Measuring success — or failure — comes as naturally to us as breathing.
Throughout life we set benchmarks for ourselves and do our best to meet or exceed them. Students measure their progress by the grades they receive or the accolades they earn on the playing field. Professionals use job offers, promotions and pay raises as their standard of success.
Examples abound, but the bottom line is we instinctively search for ways to gauge our performance, be it in the office, classroom or basketball court. How else can we determine whether our actions were sound or erroneous? How else can we learn from our mistakes as well as our successes?
So it comes as a bit of a surprise that City Hall is launching a pilot program for food trucks but has not yet settled on a system by which its success or failure will be judged — or decided if that’s even necessary.
Well, it is, and a criterion ought to be in place by July 1, when the pilot program is expected to launch.
The initiative, a compromise of sorts, lets food trucks set up camp at off-street sites, like public parks and farmer’s markets, as well as cater special events and private gatherings.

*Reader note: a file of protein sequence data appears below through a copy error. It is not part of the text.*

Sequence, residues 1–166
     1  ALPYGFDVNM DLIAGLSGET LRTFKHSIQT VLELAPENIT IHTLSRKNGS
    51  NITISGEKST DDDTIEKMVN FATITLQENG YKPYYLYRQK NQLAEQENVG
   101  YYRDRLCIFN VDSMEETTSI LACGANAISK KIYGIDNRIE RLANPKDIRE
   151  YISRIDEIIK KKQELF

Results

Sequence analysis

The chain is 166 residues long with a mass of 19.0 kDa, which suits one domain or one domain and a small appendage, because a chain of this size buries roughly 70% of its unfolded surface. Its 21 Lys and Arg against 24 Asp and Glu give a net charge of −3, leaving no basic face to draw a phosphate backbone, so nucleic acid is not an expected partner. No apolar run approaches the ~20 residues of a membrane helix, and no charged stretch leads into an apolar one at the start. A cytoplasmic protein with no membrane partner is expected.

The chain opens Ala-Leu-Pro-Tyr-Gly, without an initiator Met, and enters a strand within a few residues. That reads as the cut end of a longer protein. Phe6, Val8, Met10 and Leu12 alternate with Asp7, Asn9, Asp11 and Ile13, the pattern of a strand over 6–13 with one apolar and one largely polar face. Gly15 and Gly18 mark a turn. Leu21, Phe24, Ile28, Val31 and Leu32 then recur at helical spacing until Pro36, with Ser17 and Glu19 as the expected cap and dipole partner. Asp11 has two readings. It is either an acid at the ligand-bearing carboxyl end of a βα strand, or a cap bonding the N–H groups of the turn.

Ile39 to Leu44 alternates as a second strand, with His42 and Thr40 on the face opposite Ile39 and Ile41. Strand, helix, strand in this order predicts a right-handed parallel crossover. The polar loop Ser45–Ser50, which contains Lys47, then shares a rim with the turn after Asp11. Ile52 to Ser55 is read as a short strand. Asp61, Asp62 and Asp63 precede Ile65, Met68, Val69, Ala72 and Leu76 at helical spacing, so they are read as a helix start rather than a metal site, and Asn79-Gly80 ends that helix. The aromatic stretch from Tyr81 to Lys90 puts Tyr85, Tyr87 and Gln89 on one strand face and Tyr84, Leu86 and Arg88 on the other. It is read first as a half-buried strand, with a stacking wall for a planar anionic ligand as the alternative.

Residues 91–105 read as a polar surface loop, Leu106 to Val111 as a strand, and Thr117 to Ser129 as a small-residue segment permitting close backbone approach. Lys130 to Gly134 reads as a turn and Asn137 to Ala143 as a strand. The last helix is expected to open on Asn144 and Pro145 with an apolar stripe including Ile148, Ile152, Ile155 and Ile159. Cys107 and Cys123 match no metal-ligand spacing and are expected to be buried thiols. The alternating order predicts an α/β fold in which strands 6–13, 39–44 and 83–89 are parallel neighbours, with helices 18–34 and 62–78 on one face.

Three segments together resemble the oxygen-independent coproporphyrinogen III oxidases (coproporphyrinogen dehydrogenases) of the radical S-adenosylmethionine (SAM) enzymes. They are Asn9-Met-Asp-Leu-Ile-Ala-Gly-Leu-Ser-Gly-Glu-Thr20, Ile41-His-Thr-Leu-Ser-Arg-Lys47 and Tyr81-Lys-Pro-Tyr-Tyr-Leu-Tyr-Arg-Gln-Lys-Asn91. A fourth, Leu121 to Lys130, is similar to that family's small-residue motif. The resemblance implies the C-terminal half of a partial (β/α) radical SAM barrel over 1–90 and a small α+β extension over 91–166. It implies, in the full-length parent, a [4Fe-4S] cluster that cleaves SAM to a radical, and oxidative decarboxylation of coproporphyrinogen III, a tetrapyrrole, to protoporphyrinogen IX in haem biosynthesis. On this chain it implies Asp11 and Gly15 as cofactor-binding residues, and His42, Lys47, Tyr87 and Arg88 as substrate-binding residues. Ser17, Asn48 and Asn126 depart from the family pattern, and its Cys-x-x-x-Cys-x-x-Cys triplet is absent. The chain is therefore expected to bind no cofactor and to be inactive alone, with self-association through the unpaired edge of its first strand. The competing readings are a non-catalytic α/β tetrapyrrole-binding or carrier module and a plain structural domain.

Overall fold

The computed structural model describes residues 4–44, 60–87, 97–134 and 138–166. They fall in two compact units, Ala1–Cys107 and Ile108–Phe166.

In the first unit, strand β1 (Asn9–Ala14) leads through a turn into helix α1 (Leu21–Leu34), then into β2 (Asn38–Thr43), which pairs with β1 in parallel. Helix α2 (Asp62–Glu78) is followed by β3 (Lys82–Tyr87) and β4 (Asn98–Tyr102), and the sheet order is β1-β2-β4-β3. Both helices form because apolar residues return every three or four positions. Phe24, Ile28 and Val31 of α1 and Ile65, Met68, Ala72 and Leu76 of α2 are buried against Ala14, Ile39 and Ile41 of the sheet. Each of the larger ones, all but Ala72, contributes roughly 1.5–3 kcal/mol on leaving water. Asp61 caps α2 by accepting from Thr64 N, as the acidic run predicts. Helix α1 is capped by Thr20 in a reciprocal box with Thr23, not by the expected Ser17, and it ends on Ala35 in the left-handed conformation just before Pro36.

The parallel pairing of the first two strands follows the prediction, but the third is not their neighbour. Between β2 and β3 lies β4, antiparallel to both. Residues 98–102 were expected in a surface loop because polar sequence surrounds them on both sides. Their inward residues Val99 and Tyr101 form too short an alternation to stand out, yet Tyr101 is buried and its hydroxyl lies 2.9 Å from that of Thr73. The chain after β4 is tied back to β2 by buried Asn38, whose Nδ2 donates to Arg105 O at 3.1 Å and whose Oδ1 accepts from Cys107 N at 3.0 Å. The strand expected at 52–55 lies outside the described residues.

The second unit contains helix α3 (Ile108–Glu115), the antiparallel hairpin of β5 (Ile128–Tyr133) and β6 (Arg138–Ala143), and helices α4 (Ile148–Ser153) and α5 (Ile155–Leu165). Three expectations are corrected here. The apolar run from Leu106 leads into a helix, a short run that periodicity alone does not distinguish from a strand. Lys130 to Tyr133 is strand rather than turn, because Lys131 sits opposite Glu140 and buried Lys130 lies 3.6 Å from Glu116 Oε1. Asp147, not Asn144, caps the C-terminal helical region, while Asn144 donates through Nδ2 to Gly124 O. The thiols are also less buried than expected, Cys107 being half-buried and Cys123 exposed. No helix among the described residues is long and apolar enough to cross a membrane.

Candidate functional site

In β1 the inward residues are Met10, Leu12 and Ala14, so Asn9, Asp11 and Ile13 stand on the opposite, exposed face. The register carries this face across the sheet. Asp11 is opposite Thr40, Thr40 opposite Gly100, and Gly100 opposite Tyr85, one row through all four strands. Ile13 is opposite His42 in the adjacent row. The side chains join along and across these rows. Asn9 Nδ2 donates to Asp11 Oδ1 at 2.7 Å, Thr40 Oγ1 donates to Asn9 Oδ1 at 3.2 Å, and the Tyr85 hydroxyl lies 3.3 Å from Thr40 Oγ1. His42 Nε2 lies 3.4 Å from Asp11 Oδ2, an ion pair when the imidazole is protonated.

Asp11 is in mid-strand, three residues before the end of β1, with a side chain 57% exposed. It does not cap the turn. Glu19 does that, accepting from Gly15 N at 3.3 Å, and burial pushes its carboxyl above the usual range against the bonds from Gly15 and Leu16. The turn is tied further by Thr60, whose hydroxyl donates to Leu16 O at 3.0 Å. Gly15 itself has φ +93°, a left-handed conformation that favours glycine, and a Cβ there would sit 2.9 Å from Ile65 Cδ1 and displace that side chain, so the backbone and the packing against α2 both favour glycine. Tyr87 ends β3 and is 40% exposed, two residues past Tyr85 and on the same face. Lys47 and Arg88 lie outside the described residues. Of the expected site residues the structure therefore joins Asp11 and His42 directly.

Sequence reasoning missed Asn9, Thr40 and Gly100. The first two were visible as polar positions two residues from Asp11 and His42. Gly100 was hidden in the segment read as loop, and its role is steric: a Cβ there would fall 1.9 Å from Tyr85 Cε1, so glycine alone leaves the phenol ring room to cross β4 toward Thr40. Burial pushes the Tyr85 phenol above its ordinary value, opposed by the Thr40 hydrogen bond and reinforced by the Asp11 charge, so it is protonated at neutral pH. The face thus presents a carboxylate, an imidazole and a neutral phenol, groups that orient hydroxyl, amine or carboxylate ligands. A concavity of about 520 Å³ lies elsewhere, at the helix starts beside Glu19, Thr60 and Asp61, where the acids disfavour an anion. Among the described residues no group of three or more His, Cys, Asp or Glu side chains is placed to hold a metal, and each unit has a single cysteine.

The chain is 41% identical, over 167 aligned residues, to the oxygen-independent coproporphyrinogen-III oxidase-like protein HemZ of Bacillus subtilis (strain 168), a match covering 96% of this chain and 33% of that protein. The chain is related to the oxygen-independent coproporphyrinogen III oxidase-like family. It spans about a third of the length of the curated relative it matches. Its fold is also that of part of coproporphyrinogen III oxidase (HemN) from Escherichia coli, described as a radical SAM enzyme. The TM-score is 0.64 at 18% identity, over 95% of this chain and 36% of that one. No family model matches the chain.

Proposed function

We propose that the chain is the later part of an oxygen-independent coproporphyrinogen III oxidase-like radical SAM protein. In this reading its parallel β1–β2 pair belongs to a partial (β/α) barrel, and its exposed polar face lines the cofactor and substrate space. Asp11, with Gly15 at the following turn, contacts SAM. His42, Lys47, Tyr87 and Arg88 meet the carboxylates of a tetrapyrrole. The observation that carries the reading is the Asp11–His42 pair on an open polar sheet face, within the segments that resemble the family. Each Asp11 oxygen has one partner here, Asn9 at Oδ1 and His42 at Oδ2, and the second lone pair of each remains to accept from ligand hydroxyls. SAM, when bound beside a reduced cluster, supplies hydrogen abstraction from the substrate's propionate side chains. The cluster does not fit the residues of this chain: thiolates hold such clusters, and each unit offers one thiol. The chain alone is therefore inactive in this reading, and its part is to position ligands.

The program expires October 2015, at which point city councilors are expected to take another look at the roving restaurants and whether they work in the Port City. But without any data — and without a measuring stick — how will we know whether it was a success or failure?
It seems like a pretty simple system to set up, particularly when Planning Commissioner Nathan Macek had already put a bit of thought into it. He has the right idea by calling for officials to compile residents’ complaints, track the frequency of food trucks in the city and — if possible — keep tabs on their sales and the taxes they generate.
Macek also calls for checking in with food truck owners and recording their impressions of the pilot program. We would go a bit further and ask for feedback from their clients and residents of the neighborhoods they frequent.
Finally, the Alexandria Chamber of Commerce is pushing for a business impact study. We agree this is necessary, particularly since the chamber seems eager to do the heavy lifting. A close look at how brick-and-mortar restaurants fared before and after the pilot program’s launch ought to be included in this review or examined separately.
Armed with this information, we can make a reasonable determination as to whether food trucks work in Alexandria or do not. If the roving restaurants prove popular, generate taxes and increase economic activity in the city, they should stay. If they cause headaches, they should go.
It’s that simple.